I cannot emphasize that enough. It's okay to hit two, three good shots in a row, but can you do it about 20 days in a row? That's what I'm trying to build on. I'm trying to make sure I do it on a consistent basis. I am 2, 3 under a day or I am on the leaderboard, you know, nine or ten tournaments in a row. I haven't done that yet.
Guys like Steve Marino, Kevin Streelman haven't won yet, but they've played solid golf. I want to go to a more consistent golf game and just let the wins happen. I think I've been pushing too hard for a win. Instead of worrying so much about that, just stay consistent, try to shoot under par everyday, give myself a lot of looks and let everything else just fall in place.

Q. Memory serves, you were outside the whatever number in the Fall Series and on the leaderboard quite a bit. What did you learn? How did that help you?
CHRIS STROUD: You know, I think the way that I looked at golf in the fall, the last two years was so much different than I did when I first got out here in the beginning of the year for the last two years. I would get out here, I was so happy in 2007 to finally get the PGA Tour card. Didn't know what to do. I was so excited. I don't calm myself down to get serious with golf.
On top of that, like I said, these guys are so good. My first two years out here I was able to play some good rounds, but I wasn't able to do that 20 rounds in a row. Maybe three, four in a row. Then two, three bad ones.
So, like I said, I'm really working on trying to get more consistent and try to keep my mentality like I did in the fall the last two years, which is give yourself a lot of looks, keep up with your work ethic. I've always been happy with my work ethic. We all work hard. Don't push it so much.

Q. If you had your choice the rest of the year, would you rather finish in the Top 20 every tournament the rest of the year, few Top 10s and final groups or win once and sting it up the other tournaments?
CHRIS STROUD: That is a tough answer. Part of me wants to win, but honestly as a golfer, to keep your sanity, I think it's nicer to be able to finish Top 20, Top 10 more often. The win is like a jewel out here. It's a diamond in the rough. If you find a win out here, it's incredible. You get two-year exemption for a golfer. And what I plan on doing out here, I want to be out here forever like Kenny Perry, I want to be out here until I'm 50.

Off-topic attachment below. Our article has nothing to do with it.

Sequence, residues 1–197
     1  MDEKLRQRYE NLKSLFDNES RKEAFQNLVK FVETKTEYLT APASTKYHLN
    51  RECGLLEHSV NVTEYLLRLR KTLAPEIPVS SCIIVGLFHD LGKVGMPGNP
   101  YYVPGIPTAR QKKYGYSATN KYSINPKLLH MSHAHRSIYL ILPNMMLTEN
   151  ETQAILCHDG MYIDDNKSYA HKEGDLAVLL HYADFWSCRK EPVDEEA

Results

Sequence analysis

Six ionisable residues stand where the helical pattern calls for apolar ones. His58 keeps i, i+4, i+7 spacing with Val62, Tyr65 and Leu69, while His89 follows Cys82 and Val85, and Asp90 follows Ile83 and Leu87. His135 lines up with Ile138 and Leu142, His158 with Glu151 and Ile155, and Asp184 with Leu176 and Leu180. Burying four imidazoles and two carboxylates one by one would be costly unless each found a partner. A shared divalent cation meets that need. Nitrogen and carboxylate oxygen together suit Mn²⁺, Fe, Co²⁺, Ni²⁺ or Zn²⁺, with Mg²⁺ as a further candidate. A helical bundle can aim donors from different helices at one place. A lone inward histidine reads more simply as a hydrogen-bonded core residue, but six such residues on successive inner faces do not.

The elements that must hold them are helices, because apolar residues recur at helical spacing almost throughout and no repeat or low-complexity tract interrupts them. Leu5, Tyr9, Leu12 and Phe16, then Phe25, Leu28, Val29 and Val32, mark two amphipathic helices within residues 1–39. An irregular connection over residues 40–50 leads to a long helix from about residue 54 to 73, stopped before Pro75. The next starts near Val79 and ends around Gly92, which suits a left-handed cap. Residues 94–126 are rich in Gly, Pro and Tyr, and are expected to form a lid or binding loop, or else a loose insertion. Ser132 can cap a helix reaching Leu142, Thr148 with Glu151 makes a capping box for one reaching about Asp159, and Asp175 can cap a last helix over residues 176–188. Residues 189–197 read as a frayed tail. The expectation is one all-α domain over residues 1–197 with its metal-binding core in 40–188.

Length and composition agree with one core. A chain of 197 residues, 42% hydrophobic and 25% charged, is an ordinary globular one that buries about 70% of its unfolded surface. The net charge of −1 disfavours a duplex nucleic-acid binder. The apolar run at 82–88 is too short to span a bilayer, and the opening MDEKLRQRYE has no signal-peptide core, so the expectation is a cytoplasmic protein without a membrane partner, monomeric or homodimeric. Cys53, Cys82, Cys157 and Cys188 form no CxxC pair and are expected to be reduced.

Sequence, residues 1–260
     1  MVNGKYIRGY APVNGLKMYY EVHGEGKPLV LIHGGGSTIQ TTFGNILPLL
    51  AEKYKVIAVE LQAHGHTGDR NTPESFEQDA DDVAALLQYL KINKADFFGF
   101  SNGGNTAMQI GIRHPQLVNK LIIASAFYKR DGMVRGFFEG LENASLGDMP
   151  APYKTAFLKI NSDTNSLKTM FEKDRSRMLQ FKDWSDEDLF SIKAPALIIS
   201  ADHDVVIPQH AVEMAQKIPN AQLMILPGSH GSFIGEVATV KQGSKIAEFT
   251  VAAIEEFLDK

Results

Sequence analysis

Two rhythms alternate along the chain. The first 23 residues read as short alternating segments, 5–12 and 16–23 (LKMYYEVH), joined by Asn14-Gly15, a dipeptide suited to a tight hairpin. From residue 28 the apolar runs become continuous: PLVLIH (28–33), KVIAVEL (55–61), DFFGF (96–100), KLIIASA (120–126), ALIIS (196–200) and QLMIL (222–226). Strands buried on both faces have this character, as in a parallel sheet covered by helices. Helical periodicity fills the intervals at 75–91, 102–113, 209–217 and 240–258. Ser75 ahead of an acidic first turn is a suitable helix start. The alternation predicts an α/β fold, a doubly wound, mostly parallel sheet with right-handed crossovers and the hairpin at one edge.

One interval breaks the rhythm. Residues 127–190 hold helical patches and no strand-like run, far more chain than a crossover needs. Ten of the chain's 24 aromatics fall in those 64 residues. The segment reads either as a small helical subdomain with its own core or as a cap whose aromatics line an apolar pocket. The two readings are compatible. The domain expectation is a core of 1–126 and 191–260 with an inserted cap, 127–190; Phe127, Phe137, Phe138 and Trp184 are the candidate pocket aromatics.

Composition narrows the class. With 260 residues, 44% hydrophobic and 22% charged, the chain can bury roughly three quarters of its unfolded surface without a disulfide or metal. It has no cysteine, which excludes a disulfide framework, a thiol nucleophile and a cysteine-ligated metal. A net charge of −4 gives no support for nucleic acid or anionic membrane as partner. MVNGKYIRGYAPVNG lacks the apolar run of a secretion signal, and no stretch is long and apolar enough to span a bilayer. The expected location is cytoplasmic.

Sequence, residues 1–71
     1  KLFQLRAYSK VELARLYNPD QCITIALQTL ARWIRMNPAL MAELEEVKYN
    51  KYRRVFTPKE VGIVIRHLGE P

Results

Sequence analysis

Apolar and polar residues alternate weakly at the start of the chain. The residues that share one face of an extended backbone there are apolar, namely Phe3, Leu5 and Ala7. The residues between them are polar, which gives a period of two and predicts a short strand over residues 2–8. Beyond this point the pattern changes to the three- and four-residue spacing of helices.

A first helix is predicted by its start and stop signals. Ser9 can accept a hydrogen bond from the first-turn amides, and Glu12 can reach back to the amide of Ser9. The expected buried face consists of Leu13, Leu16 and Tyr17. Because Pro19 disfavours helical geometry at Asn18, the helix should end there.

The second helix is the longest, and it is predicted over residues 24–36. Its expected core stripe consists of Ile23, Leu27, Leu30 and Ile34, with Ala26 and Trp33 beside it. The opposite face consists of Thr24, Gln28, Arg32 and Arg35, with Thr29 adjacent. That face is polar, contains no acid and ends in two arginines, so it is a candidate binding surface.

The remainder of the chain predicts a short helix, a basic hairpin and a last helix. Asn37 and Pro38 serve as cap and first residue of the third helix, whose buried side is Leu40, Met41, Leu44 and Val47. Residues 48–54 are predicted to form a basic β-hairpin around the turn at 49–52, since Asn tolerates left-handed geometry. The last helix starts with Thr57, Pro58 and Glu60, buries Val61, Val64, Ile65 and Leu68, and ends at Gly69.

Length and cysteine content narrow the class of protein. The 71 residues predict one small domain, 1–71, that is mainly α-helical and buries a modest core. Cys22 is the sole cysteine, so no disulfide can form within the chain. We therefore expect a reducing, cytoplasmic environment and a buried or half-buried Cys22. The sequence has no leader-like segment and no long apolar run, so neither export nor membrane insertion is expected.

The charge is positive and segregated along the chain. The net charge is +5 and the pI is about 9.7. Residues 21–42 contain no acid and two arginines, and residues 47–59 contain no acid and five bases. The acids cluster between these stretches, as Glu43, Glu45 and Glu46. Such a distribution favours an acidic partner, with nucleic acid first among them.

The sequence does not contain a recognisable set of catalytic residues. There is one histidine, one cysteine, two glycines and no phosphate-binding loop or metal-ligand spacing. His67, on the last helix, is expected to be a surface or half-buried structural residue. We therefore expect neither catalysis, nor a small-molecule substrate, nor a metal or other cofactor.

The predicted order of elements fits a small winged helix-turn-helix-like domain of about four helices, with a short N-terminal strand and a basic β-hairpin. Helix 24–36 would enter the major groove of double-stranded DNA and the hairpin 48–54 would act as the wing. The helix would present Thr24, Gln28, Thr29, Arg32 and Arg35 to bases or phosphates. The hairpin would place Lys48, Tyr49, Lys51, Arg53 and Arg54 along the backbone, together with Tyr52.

If I want to do that, you know, to keep my sanity, like I said, I need to learn how to make sure I'm in the Top 20, Top 30, Top 10 every single week and worry about that. And if I win, great, but let that kind of be in the background and really work on staying consistent, be a Jim Furyk. That guy is a money-making machine, you know?

Q. Top-10s eventually spill over into a win.
CHRIS STROUD: I've always been able to build on things. If I can get on a really good roll and finish Top 30 maybe three, four, five events in a row, it really gets your confidence going and maybe you can push a little harder one day. For me right now where I'm at, third year on Tour, still feel like a rookie in a lot of ways. I'm still learning. I'm young. I've got a long time to go. Just pacing myself.
PHIL STAMBAUGH: Anything else?

Q. I have another one. When you're in a tournament like this, can you, even though you're minding your own business and getting ready, can you tell when there's stuff going on? Can you tell when people are paying attention to where Phil Mickelson is? And I know you can see what John is wearing, but do you pay --
CHRIS STROUD: Yeah, there's obviously Michelson being here this week, which is awesome for the tournament and Daly, too, could you see where the groups are? There's hundreds of people following them, which is awesome.
But, you know, we all try to do the same thing as far as when we get over a golf shot, really just focus on what we're trying to do and that's it. Try to put all the distractions to the side, which is probably the most difficult thing to do and.
When you get closer to the lead or when you're getting close to winning a golf tournament or something, there's a lot more distractions. If you can just stay in your little bubble, which I'm going to try do all week, like I said for next two, three months ahead. I'm going to do the same thing in and out and try to be as boring as I can and try to make a lot of fairways, lot of greens and see if the putts go in. That seems like the way -- seems like the solution for me.
PHIL STAMBAUGH: Anything else? Thank you very much.